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What kind of performance should I expect from Avid BB7s?

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What kind of performance should I expect from Avid BB7s?

Old 04-23-12, 11:31 AM
  #51  
ESW116
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Originally Posted by cyccommute View Post
The response was "Huh?" as in "What are you talking about?" As in "You have no idea what you are talking about and are simply making stuff up." Your whole idea about v-brakes is completely off the mark and not within my experience nor have I ever read anything by anyone with braking issues that fits your description.

I have absolutely nothing against new technology nor do I have any particular love of obsolete technology. But I also don't go out and purchase new technology because it's new and shiny. I think the threadless headsets is among bicycling greatest invention. I think that STI brake/shifter levers rank right up there too. I think that external bottom bracket cranks do for bicycling what PVC pipe did for plumbing...i.e. any idiot with a hacksaw can do plumbing with PVC.

There are lots of other things about bicycling that I don't like...U-brakes (dumbest technology ever!), 10 (11, 12 or 28) speed cassettes without larger ranges, compact double cranks, integrated headsets, low spoke count wheels with proprietary parts, and, yes, disc brakes. It's not that I have a problem with these ideas it's just that they aren't really improvements nor are they significantly better than the technology they are replacing.
In what context? Road riding? Sure, they're more like a sidegrade rather than an upgrade. But discs weren't developed from road riding. Go into the mountain bike forum and say that discs aren't a MASSIVE improvement over previous tech.
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Old 04-23-12, 12:16 PM
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I used to wonder why you don't see disc brakes more often on road bikes. Now that I have them, I know why.

The road BB7s are fine but not a revolution in braking performance, especially if your road bike is used mostly in dry weather. That said you should be able to skid the rear wheel. Cable housing is more important in rear brakes due to the longer cable run. Compressionless housing (the kind made for brakes) makes them feel a little less spongy and might help.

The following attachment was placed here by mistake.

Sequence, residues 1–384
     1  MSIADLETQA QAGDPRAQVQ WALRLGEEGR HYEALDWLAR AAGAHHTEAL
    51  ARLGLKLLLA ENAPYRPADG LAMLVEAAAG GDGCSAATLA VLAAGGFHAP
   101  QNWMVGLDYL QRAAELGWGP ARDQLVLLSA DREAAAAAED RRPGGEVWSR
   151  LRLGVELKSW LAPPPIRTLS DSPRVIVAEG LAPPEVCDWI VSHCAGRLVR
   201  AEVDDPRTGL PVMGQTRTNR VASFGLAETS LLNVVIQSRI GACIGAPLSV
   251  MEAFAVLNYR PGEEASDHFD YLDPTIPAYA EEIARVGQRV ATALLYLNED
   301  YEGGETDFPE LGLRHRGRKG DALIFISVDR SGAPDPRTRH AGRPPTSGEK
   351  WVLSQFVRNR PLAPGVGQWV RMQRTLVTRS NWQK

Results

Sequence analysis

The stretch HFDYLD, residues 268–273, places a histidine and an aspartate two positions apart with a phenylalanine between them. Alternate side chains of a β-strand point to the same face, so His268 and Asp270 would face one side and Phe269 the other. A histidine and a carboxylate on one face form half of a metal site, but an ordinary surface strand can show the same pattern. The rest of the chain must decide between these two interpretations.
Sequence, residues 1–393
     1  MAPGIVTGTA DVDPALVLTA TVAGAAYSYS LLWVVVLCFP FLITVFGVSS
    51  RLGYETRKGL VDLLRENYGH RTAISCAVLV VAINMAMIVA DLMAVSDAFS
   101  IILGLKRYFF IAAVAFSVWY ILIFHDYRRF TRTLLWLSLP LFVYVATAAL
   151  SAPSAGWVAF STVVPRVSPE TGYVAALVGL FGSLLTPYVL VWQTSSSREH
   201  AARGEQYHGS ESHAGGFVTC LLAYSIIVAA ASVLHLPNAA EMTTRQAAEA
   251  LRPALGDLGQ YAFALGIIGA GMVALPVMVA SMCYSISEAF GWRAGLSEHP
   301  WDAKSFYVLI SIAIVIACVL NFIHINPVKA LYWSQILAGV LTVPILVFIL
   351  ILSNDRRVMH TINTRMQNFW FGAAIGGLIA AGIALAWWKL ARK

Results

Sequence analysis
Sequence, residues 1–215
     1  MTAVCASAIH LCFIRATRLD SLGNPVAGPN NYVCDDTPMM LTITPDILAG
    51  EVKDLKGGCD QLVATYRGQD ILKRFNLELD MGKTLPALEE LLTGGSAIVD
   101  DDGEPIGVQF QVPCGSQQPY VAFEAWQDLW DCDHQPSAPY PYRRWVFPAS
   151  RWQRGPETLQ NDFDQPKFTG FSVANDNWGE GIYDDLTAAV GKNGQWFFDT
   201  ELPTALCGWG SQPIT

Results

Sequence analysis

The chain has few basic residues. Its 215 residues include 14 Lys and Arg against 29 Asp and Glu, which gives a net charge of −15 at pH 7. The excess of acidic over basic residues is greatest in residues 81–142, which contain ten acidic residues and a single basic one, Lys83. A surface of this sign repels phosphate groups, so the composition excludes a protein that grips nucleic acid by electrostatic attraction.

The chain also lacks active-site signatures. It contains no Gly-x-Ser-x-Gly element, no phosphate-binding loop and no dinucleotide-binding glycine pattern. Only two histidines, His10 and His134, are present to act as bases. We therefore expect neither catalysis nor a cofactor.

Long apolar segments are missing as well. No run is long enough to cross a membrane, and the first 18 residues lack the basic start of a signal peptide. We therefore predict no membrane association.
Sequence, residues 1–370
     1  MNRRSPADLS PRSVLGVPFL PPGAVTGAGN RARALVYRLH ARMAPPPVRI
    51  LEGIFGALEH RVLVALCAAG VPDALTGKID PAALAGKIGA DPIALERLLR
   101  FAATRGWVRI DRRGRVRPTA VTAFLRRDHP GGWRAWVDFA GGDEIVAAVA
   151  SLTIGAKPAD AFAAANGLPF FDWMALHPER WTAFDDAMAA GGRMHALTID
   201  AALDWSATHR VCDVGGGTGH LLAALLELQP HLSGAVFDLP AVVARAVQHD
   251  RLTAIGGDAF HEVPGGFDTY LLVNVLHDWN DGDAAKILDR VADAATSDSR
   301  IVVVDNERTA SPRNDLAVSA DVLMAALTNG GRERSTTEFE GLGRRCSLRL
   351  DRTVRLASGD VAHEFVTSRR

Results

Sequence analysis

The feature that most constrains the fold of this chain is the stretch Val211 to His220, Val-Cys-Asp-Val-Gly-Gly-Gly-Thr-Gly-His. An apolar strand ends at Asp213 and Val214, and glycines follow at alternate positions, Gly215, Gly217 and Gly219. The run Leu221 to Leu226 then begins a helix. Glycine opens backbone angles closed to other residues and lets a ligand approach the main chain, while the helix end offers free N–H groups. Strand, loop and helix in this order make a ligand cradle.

Rim brakes have a ton of leverage compared to discs, especially on 700c wheels. I can see though where on off-road bikes, discs would have an advantage. As tires get bigger and harder to clear, you need more massive brake hardware for effective rim brakes. Offroad bikes are also more likely to be ridden in mud and in other conditions that favor discs.
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Old 04-23-12, 12:31 PM
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Originally Posted by ESW116 View Post
In what context? Road riding? Sure, they're more like a sidegrade rather than an upgrade. But discs weren't developed from road riding. Go into the mountain bike forum and say that discs aren't a MASSIVE improvement over previous tech.
Plenty of MTB'ers still run Vees, they are lighter, cheaper, easier to dial-in, and simple to repair out on the remote trail. I use XTR V-brakes, Avid Speed Dial levers and a rear brake booster. Our trails are dry dessert type, but if its wet i can always change the pads. V-brakes are perfectly fine for dry XC trails....Id be happy to use discs, if i lived in snow/mud/downhill mountain country where id see a "MASSIVE improvement"...horses for courses.

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Old 04-23-12, 01:21 PM
  #54  
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I have BB7s on my 7.9FX fork and on my 94 stumpy shopping bike. And while mechanicals are an improvement over rim brakes, the shimano hydraulics on my orbea diem are simply on another level. If you are running a flat bar and can afford hydraulics I would not give mechanicals a glance. And BTW would sram and shimano stop teasing us and release their fracking brifter hydraulics already!
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Old 04-23-12, 01:30 PM
  #55  
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Originally Posted by ESW116 View Post
In what context? Road riding? Sure, they're more like a sidegrade rather than an upgrade. But discs weren't developed from road riding. Go into the mountain bike forum and say that discs aren't a MASSIVE improvement over previous tech.
I only have mountain bikes with hub mounted disc brakes. No, they are not a MASSIVE improvement. I obtained my first disc equipped mountain bike in 2001 but for 18 years before that I ran cantilever and then linear brakes (which I currently run on one bike). Neither disc nor linear brakes are that much of better than a set of properly adjusted cantilevers (which I still run on 3 bikes). Using the yardstick that is used here, I can skid the tires on my canti equipped bike. That must make them good!
Originally Posted by tjspiel View Post
I used to wonder why you don't see disc brakes more often on road bikes. Now that I have them, I know why.